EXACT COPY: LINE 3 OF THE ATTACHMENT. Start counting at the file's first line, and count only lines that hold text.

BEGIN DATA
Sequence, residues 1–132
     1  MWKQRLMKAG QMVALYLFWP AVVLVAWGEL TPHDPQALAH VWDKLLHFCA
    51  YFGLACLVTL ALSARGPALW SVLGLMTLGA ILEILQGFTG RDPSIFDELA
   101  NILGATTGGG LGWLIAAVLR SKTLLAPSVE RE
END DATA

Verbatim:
    51  YFGLACLVTL ALSARGPALW SVLGLMTLGA ILEILQGFTG RDPSIFDELA